The Toyota FCV Plus cconcept is the sort of futuristic vehicle that will consumer lots of data.

More and more American homes are being wired up for super-high-speed Internet service to handle the demands for gaming, streaming video and home automation devices. But with the age of connected and autonomous vehicles soon expected to become a reality, one of the big challenges will be to create a mobile “big data” ecosystem.

Tomorrow’s cars will need to not only talk to one another but access incredibly detailed, real-time 3D maps constantly updated to show both traffic and disruptions like road work. That could require a flow of information rivaling what goes in and out of a high-tech home, but without the wired data pipeline.

To address the challenges this will create, Toyota is setting up a new consortium with tech giants Intel and Ericsson, Japanese telecomm firm NTT DoCoMo, and auto parts firm Denso. Toyota also says it will leave the new Automotive Edge Computing Consortium open for other “relevant” tech and automotive companies to join.

(Toyota delaying launch of new Mexican plant. Click Here to learn why.)

The announcement comes as just the latest move by auto, technology and telecomm companies to form partnerships aimed at addressing the need to get massive amounts of data in and out of the vehicle, as well as to find ways to create that data in the first place.

Toyota is using a Mirai fuel-cell vehicle to test out high-speed Kymeta satellite antennas.

In 2015, for example, Germany’s major automakers, including BMW, Volkswagen Group and Daimler, jointly purchased Nokia’s high-definition mapping operations, HERE. While most of the world’s roads are now digitally recorded, tomorrow’s autonomous vehicles will need to have much higher resolution – and in three dimensions – than the maps currently available for onboard navigation systems. The data will need be accurate enough to allow vehicles to precisely hold their lanes and to know if there are problems ahead, such as a broken-down vehicle or construction.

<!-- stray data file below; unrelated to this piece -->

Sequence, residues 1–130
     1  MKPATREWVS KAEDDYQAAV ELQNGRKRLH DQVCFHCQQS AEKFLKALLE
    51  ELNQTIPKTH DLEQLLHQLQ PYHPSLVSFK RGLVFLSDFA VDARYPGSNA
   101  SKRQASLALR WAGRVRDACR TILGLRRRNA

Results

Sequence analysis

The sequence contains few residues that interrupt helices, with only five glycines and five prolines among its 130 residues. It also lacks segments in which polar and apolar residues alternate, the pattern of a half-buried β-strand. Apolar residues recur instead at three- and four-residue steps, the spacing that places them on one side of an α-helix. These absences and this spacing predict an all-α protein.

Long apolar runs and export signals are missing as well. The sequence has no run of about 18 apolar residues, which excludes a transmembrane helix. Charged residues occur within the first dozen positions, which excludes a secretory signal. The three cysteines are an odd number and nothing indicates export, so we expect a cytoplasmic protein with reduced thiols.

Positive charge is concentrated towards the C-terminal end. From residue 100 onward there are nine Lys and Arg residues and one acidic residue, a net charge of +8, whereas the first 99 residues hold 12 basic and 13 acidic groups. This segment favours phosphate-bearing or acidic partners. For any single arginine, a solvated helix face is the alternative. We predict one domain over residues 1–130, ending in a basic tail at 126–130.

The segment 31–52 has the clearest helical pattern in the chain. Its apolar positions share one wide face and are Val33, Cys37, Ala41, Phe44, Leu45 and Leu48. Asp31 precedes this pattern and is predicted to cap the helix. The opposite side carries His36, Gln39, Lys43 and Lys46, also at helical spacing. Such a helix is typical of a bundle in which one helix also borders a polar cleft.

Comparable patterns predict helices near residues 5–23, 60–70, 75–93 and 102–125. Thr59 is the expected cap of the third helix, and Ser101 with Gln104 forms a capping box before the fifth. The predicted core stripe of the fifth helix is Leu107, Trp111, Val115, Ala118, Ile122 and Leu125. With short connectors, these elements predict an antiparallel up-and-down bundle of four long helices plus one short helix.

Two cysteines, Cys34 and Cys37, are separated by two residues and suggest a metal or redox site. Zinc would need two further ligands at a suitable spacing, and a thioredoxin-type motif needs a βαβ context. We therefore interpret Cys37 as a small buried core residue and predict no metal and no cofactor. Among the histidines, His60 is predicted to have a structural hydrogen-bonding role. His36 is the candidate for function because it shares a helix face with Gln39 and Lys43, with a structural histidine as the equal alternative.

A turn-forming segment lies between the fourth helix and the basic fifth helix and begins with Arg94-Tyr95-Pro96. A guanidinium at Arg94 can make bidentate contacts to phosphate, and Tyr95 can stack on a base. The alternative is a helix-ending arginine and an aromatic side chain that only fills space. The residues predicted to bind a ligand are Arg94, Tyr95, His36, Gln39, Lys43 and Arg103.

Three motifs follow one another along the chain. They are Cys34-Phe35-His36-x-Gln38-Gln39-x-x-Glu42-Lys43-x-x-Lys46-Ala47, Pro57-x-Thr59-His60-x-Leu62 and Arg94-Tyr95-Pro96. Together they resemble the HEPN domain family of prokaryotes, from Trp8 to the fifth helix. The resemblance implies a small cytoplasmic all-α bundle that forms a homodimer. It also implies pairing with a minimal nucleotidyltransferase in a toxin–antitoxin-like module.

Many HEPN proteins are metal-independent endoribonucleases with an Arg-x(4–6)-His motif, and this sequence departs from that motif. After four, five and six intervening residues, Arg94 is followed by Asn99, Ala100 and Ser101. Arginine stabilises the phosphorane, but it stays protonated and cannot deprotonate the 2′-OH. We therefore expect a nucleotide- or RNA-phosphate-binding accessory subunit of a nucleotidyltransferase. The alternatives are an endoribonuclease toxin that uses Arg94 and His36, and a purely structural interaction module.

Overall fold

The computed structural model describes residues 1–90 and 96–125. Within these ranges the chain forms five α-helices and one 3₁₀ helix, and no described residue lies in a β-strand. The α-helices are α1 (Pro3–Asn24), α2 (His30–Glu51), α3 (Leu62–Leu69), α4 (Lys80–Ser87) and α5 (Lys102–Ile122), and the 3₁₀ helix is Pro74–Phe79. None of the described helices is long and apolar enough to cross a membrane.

That means map data, among other things, will have to constantly flow back and forth between the vehicle and the cloud. Meanwhile, connected car systems will keep vehicles in contact with one another and with the highway infrastructure.

Toyota estimates that by 2025, when the era of autonomous cars is expected to just really get underway, the data flowing in and out of vehicles on American reads will top 10 exabytes a month. That is 10 billion gigabytes. That’s about 10,000 times the data flow of today. And that’s just the beginning. A decade later, connected and autonomous vehicles are expected to become the norm, rather than the exception.

(Toyota earnings a mixed bag in latest quarter, but forecast is solid. Click Here for the story.)

Not only will the industry need to figure out how to get that data to and from the vehicle, but what to do with it on the cloud side.

“This expected increase will trigger the need for new architectures of network and computing infrastructure to support distributed resources and topology-aware storage capacity,” Toyota said in a statement.

This is just the latest step Toyota has taken to address the big data era. In January 2016, at the North American International Auto Show in Detroit, the company announced a partnership with Kymeta, a U.S. firm developing a super-fast antenna for vehicle use that could handle the anticipated flow of data. Kymeta, in turn, has formed a new venture with Intelsat and other companies to commercialize its technology.

Until recently, Toyota was reluctant to form partnerships and other alliances, generally preferring to develop technology in-house. That has been changing rapidly. Among other things, the Japanese giant just last week announced a new joint venture with Mazda to develop and produce electric vehicles. The two carmakers plan to swap equity and set up a new, $1.6 billion U.S. assembly plant as part of that partnership.

(Toyota, Mazda pair up, plan EVs, new U.S. plant, equity swap. Click Here for the story.)

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